It was just fun from start to finish. There wasn't a single unpleasant person in the process. You interact mostly with the four contestant coordinators, both in the audition process and at the studio. It is impossible not to have a blast around these people. But rest of the people involved in production (stage manager, make-up artists, pages, and Alex himself) are the greatest.
A couple of the coordinators (my favorites, Maggie and Robert) were recently featured on NPR. (Click here for the story.
I need to write up the whole story some time. I'll post something (probably overlong) after the show airs. I will say that I really did almost wet my pants. Twice. I had some sort of stress reaction where I had to pee so bad while we were watching other people play the game and we were not allowed to get up to use the bathroom. I have never been so stressed. I tried to console myself with the knowledge that I had another pair of slacks in the green room. Thankfully, I made it to the green room in time after the first game. I then settled in to try to enjoy the second game and it happened again. I'm pretty sure I was doing the pee dance in my seat. Thankfully, when my name got called for the third game, the cameras, the audience, and everything but the game just disappeared. It was so much fun.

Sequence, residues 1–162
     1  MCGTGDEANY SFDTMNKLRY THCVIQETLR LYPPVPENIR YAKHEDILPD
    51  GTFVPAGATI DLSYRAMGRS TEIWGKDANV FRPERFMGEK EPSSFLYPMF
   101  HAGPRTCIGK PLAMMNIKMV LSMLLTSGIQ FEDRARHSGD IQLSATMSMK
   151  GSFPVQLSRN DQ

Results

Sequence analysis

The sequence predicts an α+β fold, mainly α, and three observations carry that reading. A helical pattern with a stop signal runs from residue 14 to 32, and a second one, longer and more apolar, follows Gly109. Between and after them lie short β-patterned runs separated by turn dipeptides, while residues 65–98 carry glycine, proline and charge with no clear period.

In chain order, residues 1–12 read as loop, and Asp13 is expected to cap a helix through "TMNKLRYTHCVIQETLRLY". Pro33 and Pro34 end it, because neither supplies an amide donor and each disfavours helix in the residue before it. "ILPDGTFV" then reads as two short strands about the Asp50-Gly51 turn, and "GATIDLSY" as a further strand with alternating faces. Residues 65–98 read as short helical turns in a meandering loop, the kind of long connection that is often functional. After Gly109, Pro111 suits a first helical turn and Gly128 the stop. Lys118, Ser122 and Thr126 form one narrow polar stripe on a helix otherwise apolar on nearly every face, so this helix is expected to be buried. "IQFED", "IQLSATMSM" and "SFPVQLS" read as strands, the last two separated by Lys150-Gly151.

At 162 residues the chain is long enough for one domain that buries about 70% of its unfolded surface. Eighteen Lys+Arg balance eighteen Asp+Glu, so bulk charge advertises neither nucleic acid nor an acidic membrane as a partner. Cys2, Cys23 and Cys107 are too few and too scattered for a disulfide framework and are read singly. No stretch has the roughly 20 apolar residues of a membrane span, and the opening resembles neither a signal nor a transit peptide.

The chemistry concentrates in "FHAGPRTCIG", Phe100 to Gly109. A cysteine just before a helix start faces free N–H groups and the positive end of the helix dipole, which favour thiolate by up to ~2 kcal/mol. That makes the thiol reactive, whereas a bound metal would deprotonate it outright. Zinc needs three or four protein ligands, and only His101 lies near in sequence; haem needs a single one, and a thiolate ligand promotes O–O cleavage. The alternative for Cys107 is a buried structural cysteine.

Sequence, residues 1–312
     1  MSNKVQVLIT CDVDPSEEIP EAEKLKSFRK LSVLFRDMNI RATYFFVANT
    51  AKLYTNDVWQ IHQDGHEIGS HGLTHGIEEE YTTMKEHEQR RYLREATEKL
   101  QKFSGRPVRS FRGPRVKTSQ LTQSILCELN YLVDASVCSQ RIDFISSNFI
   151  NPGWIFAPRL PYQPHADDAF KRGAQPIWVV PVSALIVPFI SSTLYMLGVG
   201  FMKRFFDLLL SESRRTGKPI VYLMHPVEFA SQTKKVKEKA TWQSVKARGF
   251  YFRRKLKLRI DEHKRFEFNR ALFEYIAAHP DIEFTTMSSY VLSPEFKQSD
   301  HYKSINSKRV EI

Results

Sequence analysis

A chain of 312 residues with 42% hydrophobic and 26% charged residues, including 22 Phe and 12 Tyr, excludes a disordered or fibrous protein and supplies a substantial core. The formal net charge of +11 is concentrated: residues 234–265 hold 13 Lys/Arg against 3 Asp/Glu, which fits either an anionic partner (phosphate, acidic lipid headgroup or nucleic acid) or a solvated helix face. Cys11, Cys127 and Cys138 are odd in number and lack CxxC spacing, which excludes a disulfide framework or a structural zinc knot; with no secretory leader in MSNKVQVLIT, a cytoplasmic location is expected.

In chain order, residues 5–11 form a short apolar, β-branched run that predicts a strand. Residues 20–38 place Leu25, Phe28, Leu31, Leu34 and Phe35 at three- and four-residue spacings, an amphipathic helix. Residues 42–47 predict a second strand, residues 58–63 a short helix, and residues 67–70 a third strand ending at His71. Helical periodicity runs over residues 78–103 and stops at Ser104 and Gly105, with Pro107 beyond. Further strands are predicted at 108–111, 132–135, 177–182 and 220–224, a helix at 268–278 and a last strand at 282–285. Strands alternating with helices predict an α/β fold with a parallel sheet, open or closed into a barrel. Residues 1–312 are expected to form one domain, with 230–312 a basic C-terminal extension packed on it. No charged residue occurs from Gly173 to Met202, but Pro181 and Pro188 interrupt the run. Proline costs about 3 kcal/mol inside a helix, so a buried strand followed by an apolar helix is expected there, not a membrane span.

The buzzer (or "signalling device" as the powers-that-be call it) is huge. After Alex finishes reading the clue, several lights on either side are illuminated, signalling that it is okay to buzz in. Too early, and you get locked out for a quarter second. You cannot win if you are consistently early. During breaks, the contestant coordinators will come up to help you if you are having problems with the buzzer.
There are two main strategies in buzzing. The first is to watch for the lights and then use your video game reflexes to get it fast. The second is called the Zen strategy where you just listen for the end of the clue and anticipate the lights. Most of the best players apparently use this strategy, so I did, too. Before the games are taped, they do a full mock game where all of the day's contestants are rotated on stage to get an opportunity to practice. I had the Zen and was able to get in on 6 straight questions before they made me sit down. Very encouraging (and hopefully intimidating to the other contestants). Of course, when I got on stage for the real thing, it was a challenge to do the same with my brain swimming in adrenaline.Here is the account
of a contestant from last year that captures the experience pretty well. (Incidentally, it looks like she is a BYU grad.)
My only regret is that they no longer give you Rice-A-Roni for being a contestant.